The author of this post wishes to remain anonymous.
CONTENT WARNING: SUICIDAL THOUGHTS
In elementary school, I was the girl who got perfect scores on everything - even pretests. Teachers and other adults expected a lot from me as an academically advanced student, and because of that I started expecting a lot from myself. I slowly became more and more of a perfectionist.
This wasn't a huge problem in elementary school, since it wasn't hard for me to get perfect grades. Then I started middle school…
Middle school was a bit more difficult. I still got all A's, but I was no longer getting 100% on everything. This bothered my perfectionist mind, leaving me much more affected when some other students started bullying me. They told me I was immature, ugly, and, what affected me the most, not actually smart. They also stole things from me often.
The bullying would have been bad enough on its own, but my school made it worse. Teachers believed the bullies when they lied about me talking in class and vandalizing the desks, and they punished me for these things I didn't do without ever letting me defend myself. When I came to class without my school supplies after having it stolen from me, my teachers gave me lunch detention and told me to "stop making excuses" when I explained what happened. By the time my math teacher finally believed something was going on, I didn't trust teachers enough to be honest with them.
All the bullying and the way my teachers handled it took a toll on my mental health. By the time I was in 8th grade, my depression was draining all the energy I might have had to do homework. My grades started dropping from all A's to B/C's. Not bad from an average student's perspective, but terrible from my perfectionist perspective. The bullying eventually stopped, but at that point my depression had low grades fueling it as well.
When I started high school, I was determined to keep my grades up. I started self-harming to get through my homework, and for the first quarter of the year I had A's in every class. Then I got an English project that required me to analyze three stories of my choice and present my analyses in front of the class. After my experiences with bullying in middle school, I had a lot of anxiety around talking about myself. That English project required me to be open about my interests and that scared me. Of course, I could have just chosen popular media, but even that seemed too teasable. I never ended up completing that project.
I hated myself for losing all those points on my English grade. All the suicidal thoughts that had been piling up since 6th grade hit their peak, and I walked home from school that day planning to kill myself. On my way home, however, a guy that lived a street away from me asked me out on a date. A part of me was sure that he would break up with me within a week, but I still wanted to see how this would play out. I didn't attempt suicide that night.
To my suprise, he was still my boyfriend by the end of winter break. After our first day of school in 2018, I reached for my razor blade as I was getting ready to do my homework, then my boyfriend texted me. I realized it would hurt him if he found out I was self-harming, so I threw away my blade and tried to do my homework without it. I couldn't. I wasn’t able to for a while. But for what seemed like the first time in my life, there was something, or rather someone, I cared about more than getting perfect grades.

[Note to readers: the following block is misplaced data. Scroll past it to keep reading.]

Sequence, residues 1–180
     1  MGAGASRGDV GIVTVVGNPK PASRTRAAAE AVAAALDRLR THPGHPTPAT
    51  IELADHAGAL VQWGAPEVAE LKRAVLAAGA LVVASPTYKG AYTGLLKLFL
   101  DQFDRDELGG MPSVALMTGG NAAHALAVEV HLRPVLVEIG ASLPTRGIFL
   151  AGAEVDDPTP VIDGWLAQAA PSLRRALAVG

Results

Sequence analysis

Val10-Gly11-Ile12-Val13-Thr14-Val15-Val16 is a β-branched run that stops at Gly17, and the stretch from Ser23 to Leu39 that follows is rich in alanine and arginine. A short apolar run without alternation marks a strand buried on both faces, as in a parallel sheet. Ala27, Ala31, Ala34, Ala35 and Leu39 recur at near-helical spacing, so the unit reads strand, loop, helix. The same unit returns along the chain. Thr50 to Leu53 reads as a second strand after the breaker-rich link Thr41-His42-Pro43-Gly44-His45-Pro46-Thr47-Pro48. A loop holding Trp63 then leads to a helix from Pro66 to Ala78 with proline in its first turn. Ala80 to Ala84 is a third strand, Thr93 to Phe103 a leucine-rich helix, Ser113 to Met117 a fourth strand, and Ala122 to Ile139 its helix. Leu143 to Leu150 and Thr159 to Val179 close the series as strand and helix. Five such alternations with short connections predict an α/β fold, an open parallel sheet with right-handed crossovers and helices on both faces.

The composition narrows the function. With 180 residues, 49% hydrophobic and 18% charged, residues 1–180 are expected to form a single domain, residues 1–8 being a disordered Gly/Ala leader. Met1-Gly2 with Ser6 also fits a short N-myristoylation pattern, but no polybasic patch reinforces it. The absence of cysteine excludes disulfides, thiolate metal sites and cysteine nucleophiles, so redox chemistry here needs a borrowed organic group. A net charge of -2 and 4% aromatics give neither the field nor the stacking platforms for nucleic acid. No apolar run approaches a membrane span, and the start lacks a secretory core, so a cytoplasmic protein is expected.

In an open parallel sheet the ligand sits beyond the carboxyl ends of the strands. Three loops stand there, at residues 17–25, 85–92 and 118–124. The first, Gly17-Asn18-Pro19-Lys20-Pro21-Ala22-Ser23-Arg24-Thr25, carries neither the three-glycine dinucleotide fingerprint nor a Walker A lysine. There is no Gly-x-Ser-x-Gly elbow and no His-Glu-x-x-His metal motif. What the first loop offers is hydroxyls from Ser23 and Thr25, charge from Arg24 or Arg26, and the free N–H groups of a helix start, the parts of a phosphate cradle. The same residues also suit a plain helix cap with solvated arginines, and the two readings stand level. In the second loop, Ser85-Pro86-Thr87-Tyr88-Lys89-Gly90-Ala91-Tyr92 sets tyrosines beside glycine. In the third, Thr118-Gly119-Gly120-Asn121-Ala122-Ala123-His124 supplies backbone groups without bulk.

My grades started dropping again, but this time I had someone to help me through it. In February, I stumbled upon a copy of The Homework Myth by Alfie Kohn and I realized I wasn't the only person that had a harmful experience with homework. Soon after, I got a persuasive essay assignment for English and decided to write an essay attempting to persuade teachers to stop giving students homework. During my research, I discovered an essay by John Taylor Gatto. I didn’t really understand it at the time, but I definitely remembered it.
When the year ended, my GPA was 3.32. Not bad, but not perfect. Nevertheless, I was able to enjoy my summer. That is, until August came around and I started dreading going back to school. That's when I thought of the John Taylor Gatto essay I had read. I started searching the internet for it and eventually ended up on the site for the Alliance for Self-Directed Education. What I read there sounded amazing, so I signed up for the newsletter, and created an account for the forums soon after.
Unfortunately, school started up again and I fell back into my old patterns of self-hate. I had thought about asking my parents to let me unschool, but I was afraid my dad would react harshly to it. Then, in October, my boyfriend broke up with me. Something happened that required him to move a couple towns away, and the distance caused some problems for our relationship. We were really close, so the breakup hit me hard. That week, I was once again struggling to focus in class and do my homework. That's when I decided to ask my parents to let me unschool.
I talked to my mom first, and then had her talk to my dad. I ended up creating a learning schedule to get my dad to agree, but I was able to leave school that month. By January I transitioned to full unschooling. Leaving school has allowed me to start healing my mental health. I've also been learning much more now that I'm free to learn based on my own needs and interests, at my own speed.
School isn’t a healthy environment for young people. I truly believe conventional schooling should be considered a mental health crisis. Please, if you’ve read this, join the fight against conventional schooling.
Author: AnonymousCommentary by SoulRiser on July 6, 2019 @ 10:45 PM